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    Bordered on the west by Nevada and the south by Arizona, Southern Utah has a rich pioneer, Native American, and geologic history.
Washington County
In 1852, Washington County was established in territorial Utah. Previously the Paiute Indians were the only inhabitants. Before the Paiutes, the Anasazi Nation inhabited the area from as early as 200 BC and disappeared around 1200 AD. Evidence of Anasazi artwork can be found throughout the area.
Between 1852 and 1862, several small settlements were established
as “Church Missions,” by the Church of Jesus Christ of Latter-Day Saints (LDS or Mormons). The missions were designated as the Cotton Mission: Washington/St. George, Wine Mission: Santa Clara/ Ivins, Pinto Mission: Virgin/Springdale, and the Iron Mission: Cedar City area. Today the cotton,
silk, and wine industries are gone, yet Washington County is one of the nation’s fastest growing
St. George
   Nestled in majestic red rock bluffs, St. George was settled by Mormon pioneers in 1861 and now has a population of approximately 80,000 people. During the civil war it was nearly impossible to obtain cotton from the southern states, thus in 1861 the LDS prophet Brigham Young sent 309 families to the St. George area to grow cotton and other products conducive to the warm climate and a 200 day a year growing season.
Although the area was called the “Cotton Mission,” it soon became known as “Dixie” because many of its early inhabitants were from southern states and
grew cotton.
A very industrious people, pioneers also produced dried fruit, molasses, pecans, and silk. Mulberry trees were planted to feed the silk worms, and
in colder months, women and children even carried the worms in their pockets to keep them warm!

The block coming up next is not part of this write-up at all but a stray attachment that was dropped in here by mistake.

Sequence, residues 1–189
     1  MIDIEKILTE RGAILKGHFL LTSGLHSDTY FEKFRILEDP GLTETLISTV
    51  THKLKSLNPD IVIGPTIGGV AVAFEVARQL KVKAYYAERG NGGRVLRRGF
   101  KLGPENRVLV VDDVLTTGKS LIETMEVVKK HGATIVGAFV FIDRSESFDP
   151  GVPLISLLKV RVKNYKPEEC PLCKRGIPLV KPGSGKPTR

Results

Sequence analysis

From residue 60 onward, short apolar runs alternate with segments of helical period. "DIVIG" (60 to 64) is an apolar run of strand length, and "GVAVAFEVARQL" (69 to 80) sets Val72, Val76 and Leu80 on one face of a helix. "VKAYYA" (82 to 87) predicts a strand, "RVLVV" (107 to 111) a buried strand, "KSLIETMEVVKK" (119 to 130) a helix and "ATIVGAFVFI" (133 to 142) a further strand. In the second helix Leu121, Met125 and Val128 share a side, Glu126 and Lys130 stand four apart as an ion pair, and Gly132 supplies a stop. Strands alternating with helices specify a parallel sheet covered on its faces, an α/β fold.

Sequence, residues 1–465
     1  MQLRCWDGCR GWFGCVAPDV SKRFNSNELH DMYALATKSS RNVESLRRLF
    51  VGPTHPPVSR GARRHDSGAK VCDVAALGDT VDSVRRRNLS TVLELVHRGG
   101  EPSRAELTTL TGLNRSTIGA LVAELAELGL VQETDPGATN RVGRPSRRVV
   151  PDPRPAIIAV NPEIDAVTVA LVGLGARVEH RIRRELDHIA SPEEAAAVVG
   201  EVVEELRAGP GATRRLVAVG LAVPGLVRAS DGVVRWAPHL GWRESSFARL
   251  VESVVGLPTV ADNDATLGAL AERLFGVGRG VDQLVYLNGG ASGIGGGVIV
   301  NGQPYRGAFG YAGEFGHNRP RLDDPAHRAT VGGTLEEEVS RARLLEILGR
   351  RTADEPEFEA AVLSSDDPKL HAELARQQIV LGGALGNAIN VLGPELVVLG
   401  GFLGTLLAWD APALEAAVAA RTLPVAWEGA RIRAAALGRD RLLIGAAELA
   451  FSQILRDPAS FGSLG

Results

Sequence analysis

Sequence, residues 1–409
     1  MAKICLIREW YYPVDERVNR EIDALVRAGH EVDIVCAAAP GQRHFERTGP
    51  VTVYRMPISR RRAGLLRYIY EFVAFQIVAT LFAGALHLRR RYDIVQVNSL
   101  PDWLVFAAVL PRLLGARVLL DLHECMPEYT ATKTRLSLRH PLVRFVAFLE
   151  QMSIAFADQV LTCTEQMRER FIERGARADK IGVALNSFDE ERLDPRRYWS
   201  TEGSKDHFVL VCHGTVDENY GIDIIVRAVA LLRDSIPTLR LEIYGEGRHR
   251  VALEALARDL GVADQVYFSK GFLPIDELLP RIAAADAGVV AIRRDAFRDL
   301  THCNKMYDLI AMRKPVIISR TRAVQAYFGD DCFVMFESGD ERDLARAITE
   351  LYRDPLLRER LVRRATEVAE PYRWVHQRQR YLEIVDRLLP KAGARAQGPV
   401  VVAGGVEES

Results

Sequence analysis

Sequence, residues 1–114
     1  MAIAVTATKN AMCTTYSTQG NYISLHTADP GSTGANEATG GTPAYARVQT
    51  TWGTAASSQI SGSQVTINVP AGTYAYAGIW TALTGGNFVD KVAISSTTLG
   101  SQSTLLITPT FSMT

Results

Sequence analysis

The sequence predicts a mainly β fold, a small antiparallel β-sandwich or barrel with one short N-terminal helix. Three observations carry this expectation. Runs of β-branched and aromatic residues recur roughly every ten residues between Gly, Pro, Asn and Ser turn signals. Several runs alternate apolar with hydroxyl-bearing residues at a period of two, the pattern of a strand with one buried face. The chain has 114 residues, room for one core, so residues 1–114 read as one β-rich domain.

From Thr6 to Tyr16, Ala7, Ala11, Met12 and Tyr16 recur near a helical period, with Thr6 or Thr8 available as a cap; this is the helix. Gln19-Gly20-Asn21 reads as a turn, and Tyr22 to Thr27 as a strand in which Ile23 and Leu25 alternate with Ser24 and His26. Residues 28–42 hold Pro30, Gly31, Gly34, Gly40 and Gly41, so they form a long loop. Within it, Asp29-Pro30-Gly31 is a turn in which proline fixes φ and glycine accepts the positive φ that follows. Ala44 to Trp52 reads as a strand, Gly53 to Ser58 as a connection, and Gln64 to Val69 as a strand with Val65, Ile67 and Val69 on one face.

Today—as the hub of Southern Utah—St. George is ranked in several publications as the top retirement location in the nation. With its warm climate, access to several National and State Parks, golf courses, excellent
education, varied cultural opportunities, and annual events like the St. George Marathon and Huntsman Senior Games—St. George appeals to an active and
diverse population. Washington City
Washington City was the birthplace of the Cotton Mission and the first town established in the Virgin basin. Mormon settlers arrived in 1857 and were the forerunners of “Utah’s Dixie.” Situated south of the Virgin River, the first several years were very lean as they struggled with lack of water and then repeated flooding, up until the Washington Field Dam was built in 1891. The cotton factory was built in 1865, which contributed greatly to their eventual success. Today Washington City is thriving with new growth and a steady influx of retirees who enjoy the beautiful landscape, mild winters, warm climate, and friendly people.
         Snow Canyon
       Utah State Historical Society
Utah State Historical Society
Washington City Cotton Mill

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